During the past few months I have
had the pleasurable task of reading some very good books. They have ranged from
a New Orleans caper, CIA thrillers, crime thrillers, and a young adult
adventure story set in late 12th century England.
I came by this book sitting in an
immense hot tub at the Lake Louise hotel in the Canadian Rockies. Striking up a
conversation with a gentleman, he soon discovered that I was a writer and I found
that his brother, Wayne Grant, was also a writer with two young adult historical
adventures that took the reader to 12th century England and the time
of Richard the Lionheart. Grant also self-published his book and must have hit
a sweet spot in the market, sales have been brisk. Excellent—and so is the
Roland Inness, the young hero, finds
himself in great jeopardy after slaying one of the local noble’s deer to feed
his desperate family. This is a time of great racial hatred between the Saxon
natives, the Danes (and their not to be forgotten forebears the Vikings), the
Welsh, the Irish, and the conquering Normans. The noble kills Roland’s father
for the crime of being both a Dane and the father of the deerslayer. From there
the story begins and Grant weaves in an exciting adventure across the Midlands
of England to the Welsh border. Myself, having been raised on great period
movies like Errol Flynn’s The Adventures
of Robin Hood, I easily imagined the dense primal forests and political
intrigues that color Grant’s Longbow.
There is much here for a young reader to learn about the customs, politics, and
weaponry of this period of England’s history. I was most impressed with his
ability to show the reader how the feudal system worked and how there is a
definitive pecking order to the commoners, squires, knights, nobles, princes,
and royalty—all deferring to each other but each desperately trying to move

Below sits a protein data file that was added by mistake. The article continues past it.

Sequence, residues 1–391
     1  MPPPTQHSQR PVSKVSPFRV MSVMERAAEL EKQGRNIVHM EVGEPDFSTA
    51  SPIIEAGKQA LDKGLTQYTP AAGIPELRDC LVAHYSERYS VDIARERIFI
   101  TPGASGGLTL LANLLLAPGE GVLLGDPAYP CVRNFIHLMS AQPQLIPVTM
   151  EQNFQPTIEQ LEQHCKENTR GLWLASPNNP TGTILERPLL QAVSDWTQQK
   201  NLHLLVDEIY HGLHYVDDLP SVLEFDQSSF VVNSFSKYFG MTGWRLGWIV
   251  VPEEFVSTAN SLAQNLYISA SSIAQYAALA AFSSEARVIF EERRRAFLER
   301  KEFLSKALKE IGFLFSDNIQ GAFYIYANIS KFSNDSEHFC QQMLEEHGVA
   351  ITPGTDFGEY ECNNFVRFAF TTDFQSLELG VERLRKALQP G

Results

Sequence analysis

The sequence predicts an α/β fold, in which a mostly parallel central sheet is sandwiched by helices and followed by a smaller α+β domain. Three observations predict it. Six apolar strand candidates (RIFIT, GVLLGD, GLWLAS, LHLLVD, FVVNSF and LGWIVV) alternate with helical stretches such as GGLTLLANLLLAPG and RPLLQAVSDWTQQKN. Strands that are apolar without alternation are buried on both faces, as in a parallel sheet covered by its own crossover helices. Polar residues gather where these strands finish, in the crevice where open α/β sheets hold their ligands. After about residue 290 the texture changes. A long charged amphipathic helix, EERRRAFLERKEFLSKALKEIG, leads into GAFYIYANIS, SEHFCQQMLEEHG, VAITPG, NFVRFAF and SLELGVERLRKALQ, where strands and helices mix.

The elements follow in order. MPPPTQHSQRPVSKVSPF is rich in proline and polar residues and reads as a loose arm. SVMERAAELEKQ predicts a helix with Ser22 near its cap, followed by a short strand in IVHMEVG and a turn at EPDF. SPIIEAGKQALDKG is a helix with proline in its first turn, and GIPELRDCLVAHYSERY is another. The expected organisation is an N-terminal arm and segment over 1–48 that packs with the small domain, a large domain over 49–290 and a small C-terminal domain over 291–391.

their place upward within the system. I especially enjoyed the history of the
longbow itself and how it was condemned as a WMD (obviously not a term at that
time) and forbidden on the pain of death. One could imagine how it was to
change the course of history during the next two hundred years in the centuries
Inness’s adventures changes him and
we watch him grow during the long summer that contains the story. Grant is able
to excite the reader during some very dramatic chase scenes and escapes. This
is a story aimed at young boys but there is also a budding love story between
Inness and his knight’s daughter that even a young girl would find appealing. It
also held the interest of this, how should I say, quite mature young adult. I
highly recommend it.
I met Arthur Kerns at the Mystery
Writers Conference at Book Passage in California a number of years back as he
was completing his first book, The
Riviera Contract. As a retired FBI agent and contract “agent” for a number
of counterintelligence agencies Kerns knows about what we writes.
The Riviera Contract is a good spy
thriller with all the usual characters; Hayden Stone is a retired FBI agent who
is dragged back into a special operation on the French Riviera by an agency
that can’t trust anyone. There is a rich countess and past love, Arab
terrorists, an inconvenient romance with a French agent—and plenty of action.
While the manuscript itself needs a little work and editing, I found the story
exciting and memorable. Good job Mr. Kerns.
In the follow up to Kern’s The
Riviera Contract, The African Contract takes Hayden Stone to the seedier parts
of an Africa that few Americans and Westerners will ever visit –or even want
to. But that’s why there are writers like Kerns. They take us to thrilling places
we can only imagine in our nightmares (how about a black mamba snake as a room
guest). Multi-layered, rich with new and old characters, and gripping locations,
Kerns carries us on a sweeping ride as broad as the African savannah and exotic